We’ve been heeding calls to hang up and drive for a long time now, but there may be one that’s bigger than the rest: the National Transportation Safety Board is proposing a countrywide ban on mobile phone use.
The push came this morning from the board, headed by Chairman Deborah Hersman. Hersman is quoted as saying “no call, no text, no update is worth a human life.”
From the looks of it, the NTSB is recommending a regulation that would outlaw the use of mobile phones for voice or text communication, even those utilized through headsets or portable speakers. That would outlaw the use of Bluetooth and wired apparatuses, as well as speakerphones and Bluetooth-connected car stereos. Reports say that the NTSB wants to exempt systems like OnStar and GPS navigation from an all-encompassing portable device ban.
The issue with this, of course, is that a countrywide ban on mobile phone and portable electronic device use would be incredibly hard to enforce. All ten of the top 10 cars sold last month have some sort of hands-free calling feature available, most using the now-ubiquitous Bluetooth connectivity.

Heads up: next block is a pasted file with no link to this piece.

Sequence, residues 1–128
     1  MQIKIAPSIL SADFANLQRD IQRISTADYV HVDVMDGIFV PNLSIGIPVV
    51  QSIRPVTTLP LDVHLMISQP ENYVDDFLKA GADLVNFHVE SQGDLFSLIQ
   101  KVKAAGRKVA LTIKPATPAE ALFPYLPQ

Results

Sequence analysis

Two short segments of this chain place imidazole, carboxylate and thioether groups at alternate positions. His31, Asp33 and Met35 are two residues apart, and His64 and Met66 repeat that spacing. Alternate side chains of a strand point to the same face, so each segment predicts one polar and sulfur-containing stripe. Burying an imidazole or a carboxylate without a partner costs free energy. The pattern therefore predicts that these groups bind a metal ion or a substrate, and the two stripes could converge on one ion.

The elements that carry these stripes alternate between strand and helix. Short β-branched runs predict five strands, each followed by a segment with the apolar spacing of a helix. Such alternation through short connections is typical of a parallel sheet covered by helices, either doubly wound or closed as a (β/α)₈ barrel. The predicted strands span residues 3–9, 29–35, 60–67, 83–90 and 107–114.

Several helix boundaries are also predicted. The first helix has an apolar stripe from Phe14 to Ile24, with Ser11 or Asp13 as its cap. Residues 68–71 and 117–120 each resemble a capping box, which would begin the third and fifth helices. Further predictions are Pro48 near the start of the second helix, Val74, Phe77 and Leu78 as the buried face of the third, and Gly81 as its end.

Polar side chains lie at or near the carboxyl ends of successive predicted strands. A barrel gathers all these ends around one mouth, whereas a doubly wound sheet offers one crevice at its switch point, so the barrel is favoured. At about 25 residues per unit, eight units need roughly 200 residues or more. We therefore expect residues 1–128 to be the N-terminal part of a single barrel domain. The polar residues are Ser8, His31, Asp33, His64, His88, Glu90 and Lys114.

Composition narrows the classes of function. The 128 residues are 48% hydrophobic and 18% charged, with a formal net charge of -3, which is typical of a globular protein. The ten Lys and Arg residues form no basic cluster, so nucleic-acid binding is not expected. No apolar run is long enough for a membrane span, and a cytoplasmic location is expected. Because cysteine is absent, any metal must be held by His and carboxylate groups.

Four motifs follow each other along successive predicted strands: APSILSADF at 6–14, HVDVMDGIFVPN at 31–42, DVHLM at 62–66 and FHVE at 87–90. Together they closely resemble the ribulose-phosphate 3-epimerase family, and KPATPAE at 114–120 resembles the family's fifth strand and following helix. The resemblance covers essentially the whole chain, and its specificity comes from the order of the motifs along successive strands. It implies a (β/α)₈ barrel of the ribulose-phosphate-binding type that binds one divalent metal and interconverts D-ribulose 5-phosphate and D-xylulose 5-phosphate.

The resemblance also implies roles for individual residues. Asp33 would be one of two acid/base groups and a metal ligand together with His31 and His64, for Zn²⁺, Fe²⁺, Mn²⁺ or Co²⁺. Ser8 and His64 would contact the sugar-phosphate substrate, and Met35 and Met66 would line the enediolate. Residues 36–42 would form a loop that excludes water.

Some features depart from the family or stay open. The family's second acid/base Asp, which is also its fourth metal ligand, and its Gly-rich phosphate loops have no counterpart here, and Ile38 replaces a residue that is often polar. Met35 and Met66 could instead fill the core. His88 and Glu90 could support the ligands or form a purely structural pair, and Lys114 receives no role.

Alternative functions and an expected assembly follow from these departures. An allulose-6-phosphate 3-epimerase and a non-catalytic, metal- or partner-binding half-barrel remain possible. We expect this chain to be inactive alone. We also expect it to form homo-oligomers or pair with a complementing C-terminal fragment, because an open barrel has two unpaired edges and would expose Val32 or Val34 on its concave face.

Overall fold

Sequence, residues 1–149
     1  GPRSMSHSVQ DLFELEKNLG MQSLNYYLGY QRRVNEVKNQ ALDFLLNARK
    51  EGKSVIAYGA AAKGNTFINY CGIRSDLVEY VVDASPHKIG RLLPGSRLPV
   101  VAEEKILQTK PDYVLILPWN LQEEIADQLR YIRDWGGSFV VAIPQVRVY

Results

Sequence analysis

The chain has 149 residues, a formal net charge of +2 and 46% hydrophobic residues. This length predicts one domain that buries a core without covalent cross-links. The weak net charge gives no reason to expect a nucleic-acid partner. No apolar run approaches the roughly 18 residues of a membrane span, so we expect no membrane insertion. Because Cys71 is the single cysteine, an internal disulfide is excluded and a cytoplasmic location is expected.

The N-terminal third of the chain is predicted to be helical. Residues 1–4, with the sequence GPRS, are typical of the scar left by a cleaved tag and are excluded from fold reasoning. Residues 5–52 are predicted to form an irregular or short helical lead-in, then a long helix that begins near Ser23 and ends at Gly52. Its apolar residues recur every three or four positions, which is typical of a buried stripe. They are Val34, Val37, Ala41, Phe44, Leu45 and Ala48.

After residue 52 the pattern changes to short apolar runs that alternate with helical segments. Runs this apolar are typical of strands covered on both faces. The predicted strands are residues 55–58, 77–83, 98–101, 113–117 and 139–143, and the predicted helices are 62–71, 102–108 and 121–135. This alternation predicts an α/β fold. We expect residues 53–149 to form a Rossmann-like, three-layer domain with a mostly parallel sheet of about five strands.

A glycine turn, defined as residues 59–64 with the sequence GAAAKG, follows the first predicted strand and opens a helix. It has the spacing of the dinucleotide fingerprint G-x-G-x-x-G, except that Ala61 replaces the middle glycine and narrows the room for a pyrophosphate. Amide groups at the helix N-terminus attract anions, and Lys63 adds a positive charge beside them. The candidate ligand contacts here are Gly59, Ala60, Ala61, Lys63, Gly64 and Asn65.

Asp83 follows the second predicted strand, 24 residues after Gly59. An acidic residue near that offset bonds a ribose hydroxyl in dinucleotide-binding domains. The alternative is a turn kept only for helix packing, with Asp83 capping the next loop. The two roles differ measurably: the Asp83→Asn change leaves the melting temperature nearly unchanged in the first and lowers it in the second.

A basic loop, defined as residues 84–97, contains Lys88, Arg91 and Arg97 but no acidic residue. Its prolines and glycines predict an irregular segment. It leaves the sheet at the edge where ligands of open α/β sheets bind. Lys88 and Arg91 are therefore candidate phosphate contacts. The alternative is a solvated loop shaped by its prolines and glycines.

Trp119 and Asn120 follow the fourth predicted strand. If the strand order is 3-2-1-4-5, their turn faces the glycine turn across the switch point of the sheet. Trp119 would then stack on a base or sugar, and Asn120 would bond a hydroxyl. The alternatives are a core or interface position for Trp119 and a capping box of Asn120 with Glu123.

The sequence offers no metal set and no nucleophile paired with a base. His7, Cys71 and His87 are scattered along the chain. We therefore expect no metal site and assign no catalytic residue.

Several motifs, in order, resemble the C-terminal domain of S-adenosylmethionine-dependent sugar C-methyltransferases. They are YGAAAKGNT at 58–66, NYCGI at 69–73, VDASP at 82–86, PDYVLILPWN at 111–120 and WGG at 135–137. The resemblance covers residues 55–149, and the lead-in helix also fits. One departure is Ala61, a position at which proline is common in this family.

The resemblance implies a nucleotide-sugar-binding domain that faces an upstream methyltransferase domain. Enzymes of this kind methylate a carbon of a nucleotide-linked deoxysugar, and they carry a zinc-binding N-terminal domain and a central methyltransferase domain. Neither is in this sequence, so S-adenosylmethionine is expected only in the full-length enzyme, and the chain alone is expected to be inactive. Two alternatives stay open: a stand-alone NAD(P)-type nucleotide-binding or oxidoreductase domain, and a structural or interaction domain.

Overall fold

Even OnStar, a system that was called out as a system that would be safe from regulation, would be cut in half: an OnStar-equipped vehicle would keep its telematics system, keeping things like automated crash response, turn-by-turn directions, and remote start/unlock. But it would potentially be stripped of any feature that uses a telephone, including hands-free calling and speaking with OnStar advisors.
It’s important to know at this point that the NTSB has little in the way of legislative teeth — a recommendation like this must go pretty far before it actually stands a chance of implementation. From here, a recommendation needs to be developed further by the National Highway Transit Safety Administration and the United States Congress. Even then, it must take the form of a law that compels each of the 50 states and the District of Columbia to enact a regulation.
Will a broad, hard-hitting idea like this make it from paper to real life? It’s anyone’s guess, but we’d be remiss if we didn’t say that lobbying totals for the Telecommunications and Automotive industries last year totaled about $89 million, which could throw a lot of weight in the fight for or against using phones in cars.
What say you: is this just what we need, or is it a bit far-reaching? Let the debate fly in the comments section below.